Homozygous Mutations in Thyroid Peroxidase (TPO) in Hypothyroidism with Intellectual Disability, Developmental Delay, and Hearing and Ocular Anomalies in Two Families: Severe Manifestation of Untreated TPO-deficiency Poses a Diagnostic Dilemma


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Naqvi S. F., Yıldız-Bölükbaşı E., Afzal M., Nalbant G., Mumtaz S., Tolun A., ...More

Yale Journal of Biology and Medicine, vol.96, no.3, pp.347-365, 2023 (SCI-Expanded) identifier identifier

  • Publication Type: Article / Article
  • Volume: 96 Issue: 3
  • Publication Date: 2023
  • Doi Number: 10.59249/ssrg6507
  • Journal Name: Yale Journal of Biology and Medicine
  • Journal Indexes: Science Citation Index Expanded (SCI-EXPANDED), Scopus, BIOSIS
  • Page Numbers: pp.347-365
  • Keywords: goiter, high myopia, microcephaly, short stature, thyroid dysgenesis, verbal apraxia
  • Istanbul Technical University Affiliated: Yes

Abstract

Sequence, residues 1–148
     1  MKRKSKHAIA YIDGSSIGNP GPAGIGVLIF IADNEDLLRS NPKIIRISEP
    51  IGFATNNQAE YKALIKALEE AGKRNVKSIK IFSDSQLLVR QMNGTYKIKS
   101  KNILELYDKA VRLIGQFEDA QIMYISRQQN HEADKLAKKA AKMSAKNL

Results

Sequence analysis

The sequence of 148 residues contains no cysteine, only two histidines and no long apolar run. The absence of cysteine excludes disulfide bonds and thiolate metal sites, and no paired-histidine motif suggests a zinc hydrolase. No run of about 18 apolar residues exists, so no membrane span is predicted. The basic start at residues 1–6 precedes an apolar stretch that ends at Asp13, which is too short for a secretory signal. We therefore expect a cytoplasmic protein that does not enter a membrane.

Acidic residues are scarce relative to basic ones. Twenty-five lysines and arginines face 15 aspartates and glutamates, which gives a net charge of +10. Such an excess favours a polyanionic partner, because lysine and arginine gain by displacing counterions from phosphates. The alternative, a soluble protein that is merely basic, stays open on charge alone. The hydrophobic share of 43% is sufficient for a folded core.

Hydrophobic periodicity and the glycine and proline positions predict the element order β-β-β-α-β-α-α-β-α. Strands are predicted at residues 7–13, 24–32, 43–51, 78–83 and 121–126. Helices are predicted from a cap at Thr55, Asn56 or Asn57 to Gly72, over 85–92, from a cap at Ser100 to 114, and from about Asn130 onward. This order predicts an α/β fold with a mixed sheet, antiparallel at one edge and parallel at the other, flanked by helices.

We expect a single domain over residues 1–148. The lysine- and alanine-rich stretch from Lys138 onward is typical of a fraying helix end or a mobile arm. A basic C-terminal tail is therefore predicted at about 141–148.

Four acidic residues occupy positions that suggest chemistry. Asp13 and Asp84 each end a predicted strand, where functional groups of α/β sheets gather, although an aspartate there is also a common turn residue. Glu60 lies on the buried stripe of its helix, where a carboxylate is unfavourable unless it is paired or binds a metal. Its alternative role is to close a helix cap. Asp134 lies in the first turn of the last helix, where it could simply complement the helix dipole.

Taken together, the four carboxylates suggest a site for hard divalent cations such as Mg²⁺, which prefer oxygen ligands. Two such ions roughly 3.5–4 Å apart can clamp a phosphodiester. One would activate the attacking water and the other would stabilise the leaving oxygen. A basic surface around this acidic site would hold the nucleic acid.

Intellectual disability (ID) involves compromised intellectual, learning and cognitive skills, and behavioral capabilities with reduced psychomotor skills. One of the preventable causes of ID is congenital hypothyroidism (CH), which may be due to biallelic mutations in thyroid peroxidase (TPO). In low-and middle-income countries with no newborn screening programs, CH poses a great risk of ID and long-term morbidity. We report two large Pakistani families with a total of 16 patients afflicted with CH. Detailed clinical and behavioral assessments, SNP-based homozygosity mapping, linkage analysis, and exome sequencing were performed. Initially, affected individuals were referred as suffering ID (in 11 of 16 patients) and developmental delay (in 14). Secondary/associated features were verbal apraxia (in 13), goiter (in 12), short stature (in 11), limb hypotonia (in 14), no pubertal onset (five of 10 of age ≥14 years), high myopia (in eight), muscle cramps (in six), and in some, variable microcephaly and enuresis/ encopresis, fits, chronic fatigue, and other behavioral symptoms, which are not characteristics of CH. Molecular genetic analyses led to the discovery of homozygous variants in TPO: novel missense variant c.719A>G (p.Asp240Gly) in family 1 and rare c.2315A>G (p.Tyr772Cys) in family 2. In low-resource countries where neonatal screening programs do not include a CH test, the burden of neurodevelopmental disorders is likely to be increased due to untreated CH. Secondly, in the background of the high prevalence of recessive disorders due to high parental consanguinity, the severe manifestation of TPO-deficiency mimics a wide range of neurological and other presentations posing a diagnostic dilemma.